If you'd told me a year ago that I would soon be listening to podcasts for anything from one to four hours per day, I'd probably be insulted, because, you know, I'm so busy - where would I ever find the time?
But since reading Tim Ferriss' The Four Hour Work Week (blog about that coming shortly), my whole take on 'busy-ness' changed. I began waking up earlier, going to the gym, doing only the essential things on my to-do list, all before the average person had even set foot in their place of work - all this without even taking a peek at my emails. I began to only check my emails twice a day. These changes allowed me to add more research and reading time into my days, but also meant that I could listen to several podcasts. Now, not all podcasts are made equal; in some, the sound quality can doom your future listener-ship within minutes, while others can bore you to angry tears with incessant ads or hosts who talk over their guests. Thankfully, none of the above applies to Farnoosh Torabi's So Money podcasts.
In the past, me and money weren't always the best of friends - unless you count credit card debt as a sign of everlasting friendship - so it still surprises me that I listen to Farnoosh's podcasts so regularly, daily in fact. I can't quite remember how I found her, but from the beginning Farnoosh's no nonsense, informative style, as well as her wide-ranging array of guests - from Danielle LaPorte to Tony Robbins - has had an effect on how I run my finances, and subsequently, my life.
Within a couple of months of listening to Farnoosh, most notably her interview with Mr Money Mustache (look him up, he will change your life, if you're ready), and some early retirees, myself and my partner decided to remove all monthly direct debits/standing orders from our accounts - aside from our mobile phones. Sky Sports channel subscriptions, Vogue and Elle subs, even health insurance payments, were cancelled. We cut our gym bills in half by ditching our nice Virgin Active memberships in favour of a no-frills 24 hour gym, and cut down our date nights. The financial rewards began to show within weeks; suddenly, a six week trip to California was no longer a lofty dream, as our savings account grew and grew. In some ways, life also became simpler; not going out so much meant we had more time for the gym, which in turn helped us sleep, which in turn just made our days better.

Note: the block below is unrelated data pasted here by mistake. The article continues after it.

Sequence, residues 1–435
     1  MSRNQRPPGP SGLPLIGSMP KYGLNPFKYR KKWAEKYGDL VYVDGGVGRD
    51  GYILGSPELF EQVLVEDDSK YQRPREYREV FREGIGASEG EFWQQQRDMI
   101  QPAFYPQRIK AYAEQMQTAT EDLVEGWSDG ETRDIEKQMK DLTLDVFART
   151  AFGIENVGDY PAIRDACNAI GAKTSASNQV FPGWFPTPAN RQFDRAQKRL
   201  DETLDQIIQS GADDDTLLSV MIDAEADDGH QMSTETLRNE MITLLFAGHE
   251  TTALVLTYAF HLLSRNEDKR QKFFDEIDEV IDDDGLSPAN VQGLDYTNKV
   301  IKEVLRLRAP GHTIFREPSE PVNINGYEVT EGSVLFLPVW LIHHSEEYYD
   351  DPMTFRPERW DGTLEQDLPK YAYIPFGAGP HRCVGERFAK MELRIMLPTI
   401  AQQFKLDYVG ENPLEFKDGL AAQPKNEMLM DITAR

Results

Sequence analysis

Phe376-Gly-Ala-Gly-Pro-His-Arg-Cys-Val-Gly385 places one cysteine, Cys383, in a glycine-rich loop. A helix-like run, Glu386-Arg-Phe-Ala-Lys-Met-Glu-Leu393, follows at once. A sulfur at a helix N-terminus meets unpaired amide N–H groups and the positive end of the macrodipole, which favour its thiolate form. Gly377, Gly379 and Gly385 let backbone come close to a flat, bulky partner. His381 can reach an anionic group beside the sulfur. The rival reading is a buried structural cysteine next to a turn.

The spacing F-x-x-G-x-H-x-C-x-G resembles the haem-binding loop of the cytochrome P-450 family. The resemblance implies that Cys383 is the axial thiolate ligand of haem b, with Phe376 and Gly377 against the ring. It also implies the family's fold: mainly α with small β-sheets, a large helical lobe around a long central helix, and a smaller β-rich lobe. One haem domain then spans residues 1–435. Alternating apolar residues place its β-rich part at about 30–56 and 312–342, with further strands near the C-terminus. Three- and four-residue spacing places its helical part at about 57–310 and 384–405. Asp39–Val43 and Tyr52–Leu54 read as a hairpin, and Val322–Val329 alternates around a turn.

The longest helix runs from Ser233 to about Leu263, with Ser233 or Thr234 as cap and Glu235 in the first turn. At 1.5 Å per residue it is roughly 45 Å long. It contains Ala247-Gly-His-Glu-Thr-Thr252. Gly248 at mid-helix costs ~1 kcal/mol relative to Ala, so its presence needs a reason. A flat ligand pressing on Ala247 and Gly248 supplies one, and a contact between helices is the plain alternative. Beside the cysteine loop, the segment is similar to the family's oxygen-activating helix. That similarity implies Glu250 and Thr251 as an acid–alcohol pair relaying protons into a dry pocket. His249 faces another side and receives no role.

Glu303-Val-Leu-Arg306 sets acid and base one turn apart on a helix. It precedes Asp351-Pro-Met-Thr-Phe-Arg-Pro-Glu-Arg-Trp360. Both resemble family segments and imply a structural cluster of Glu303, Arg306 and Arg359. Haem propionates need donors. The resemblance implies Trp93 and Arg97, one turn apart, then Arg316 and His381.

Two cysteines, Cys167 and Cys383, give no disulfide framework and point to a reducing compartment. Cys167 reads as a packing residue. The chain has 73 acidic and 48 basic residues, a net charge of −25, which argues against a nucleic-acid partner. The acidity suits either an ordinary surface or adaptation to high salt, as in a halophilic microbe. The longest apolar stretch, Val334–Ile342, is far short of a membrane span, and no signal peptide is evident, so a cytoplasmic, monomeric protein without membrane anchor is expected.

When it comes to business, despite the fact that much of Farnoosh's advice is very United States-centric, you can also learn a lot. If you need to re-train, no doubt Farnoosh has spoken to someone who has reinvented themselves. Thinking about a start-up? Farnoosh will have the advice and experiences ready for you to delve into. Want to retire in your thirties? It's all there.
As well as all of the above, one thing podcasts are great for is that they make you feel less alone. If you're a solo business owner, it's easy to get bogged down in your own ish, your 'busy-ness'. If you work from home, it's easy to feel alone, unnecessary or worse still, a fake, and if you're just starting out, there are days when you can't help but ask yourself, 'why?'.
Add Farnoosh's podcasts to your iTunes subscriptions list and I guarantee you will only reap positive benefits.